It doesn’t take long before those dented cans start to look like gourmet food to Maarten. 

They have Peeping Tom issues, some of whom carry rather wicked looking machetes. The lovely; and of course, exotically caucasian visage of Sylvia was of endless fascination to the Kiribati male population. They were quite content to sit outside her window and watch her... read. Flattering, I’m sure, for about thirty seconds, and then progressively creepier as the minutes tick by. 

The biggest problem that Maarten faced was one that followed him everywhere...the ceaseless sweating. 

”I could either melt into an oozing puddle, drop by drop--a slow, torturous death, for certain--or I could ease my suffering with a swim in the world’s largest backyard pool, thereby risking life and limb to the schools of sharks that were, and I sensed this strongly, circling at reef’s edge, awaiting a meal featuring the other-other white meat.”

Is it wrong to root for the sharks? 

Little does Maarten know there are LARGER, more TREACHEROUS things in the water. 

”And then I saw what confronted me. It rested directly between myself and shore. It was massive. I had never seen anything like it. I sensed its power. I became very, very frightened.

It was an enormous brown bottom.

The possessor, a giant of a man, was squatting in the shadows, holding on to a ledge of coral rock. He emitted. He emitted some more. He was like a stricken oil tanker, oozing brown sludge. When he was done, he wiped himself with sticks. Not leaves. Sticks. Small branches. Twigs. 

And then they were coming my way. Riding the ebbing tide., the sticks homed in on me. I became the North Star for shit-encrusted sticks. Whichever way I moved, and I was moving very quickly these sticks seemed to follow. They were closing in. I began to curse. In Dutch. This only happens when something primal is stirred. 


His curse word makes more sense to me if you replace the P with a G, but I’m not a Dutch speaker. Okay so I laughed again the whole time I was typing this quote into this review maybe because I feel our hero, Maarten, could use some “crap” thrown his way. 

Troost does give us some background on how the 19th century slave trade impacted the Kiribati. The men were first considered most valuable to work on plantations all over the Pacific, but soon the beautiful young women were sought after even more than the men for purposes that does not require much imagination to figure out. After laws were passed, and were beginning to be enforced the same type of men as the slavers came around inducing men and women to leave the islands for very low pay. This period of time is called the Pacific Labor Trade. Over 70% of the people living on these islands left for what they hoped was a better. Most never returned and not because they found wealth and comfort working for white men.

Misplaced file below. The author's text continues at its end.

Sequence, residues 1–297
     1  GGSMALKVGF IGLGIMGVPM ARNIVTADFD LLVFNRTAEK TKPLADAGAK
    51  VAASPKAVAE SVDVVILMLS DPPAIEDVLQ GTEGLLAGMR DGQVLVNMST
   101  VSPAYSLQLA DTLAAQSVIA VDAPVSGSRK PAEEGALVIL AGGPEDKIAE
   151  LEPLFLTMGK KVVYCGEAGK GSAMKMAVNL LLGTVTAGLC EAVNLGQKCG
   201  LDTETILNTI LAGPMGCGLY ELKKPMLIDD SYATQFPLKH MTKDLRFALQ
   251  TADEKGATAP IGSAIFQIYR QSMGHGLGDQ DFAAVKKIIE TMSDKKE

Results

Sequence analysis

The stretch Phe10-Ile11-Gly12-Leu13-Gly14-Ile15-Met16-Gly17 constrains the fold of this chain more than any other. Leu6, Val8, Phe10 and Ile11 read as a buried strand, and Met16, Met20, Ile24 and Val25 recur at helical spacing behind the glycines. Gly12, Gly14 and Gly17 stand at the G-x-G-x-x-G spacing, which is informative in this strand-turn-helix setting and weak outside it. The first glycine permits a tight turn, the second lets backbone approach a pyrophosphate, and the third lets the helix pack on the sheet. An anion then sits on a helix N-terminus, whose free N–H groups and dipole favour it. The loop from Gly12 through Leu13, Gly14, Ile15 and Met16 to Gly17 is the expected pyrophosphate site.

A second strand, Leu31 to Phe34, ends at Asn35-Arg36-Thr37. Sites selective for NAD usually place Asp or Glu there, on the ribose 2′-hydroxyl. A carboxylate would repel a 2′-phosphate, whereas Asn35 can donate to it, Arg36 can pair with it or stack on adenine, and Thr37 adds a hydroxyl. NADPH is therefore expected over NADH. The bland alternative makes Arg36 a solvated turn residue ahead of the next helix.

We meet a cast of colorful characters, of which, my favorite was Half Dead Fred. After living on the island of the Long Knives for nineteen years past the day his visa expired, the government, inexplicably, decides that it is time to enforce his removal from their country. He had numerous wives and a profitable business. The prospect of being dropped back into the middle of American culture is frankly terrifying to him. 

”Half-Dead Fred had earned his moniker. He was so wasted in appearance that in comparison a cadaver would seem plump and rosy-cheeked. Tall and gangly with a long salt-and-pepper beard, Half-Dead Fred looked much as I imagined Robinson Crusoe would look had Robinson Crusoe been marooned for a few years longer. He wore a pair of shorts that anywhere else would have long been discarded or put to use as rags.”

Okay, so admittedly, I had issues with Troost. The only reason he bobbed back up on my radar is because he recently released a travel book which has something to do with Robert Louis Stevenson. So far the reviews of Headhunters on My Doorstep: A True Treasure Island Ghost Story are not encouraging. Again the title seems to have little to do with the subject matter of the book. His writing style is engaging and as I mentioned earlier he did make me chuckle more than once. This is a *** star book with a bump to ***½ for entertainment value.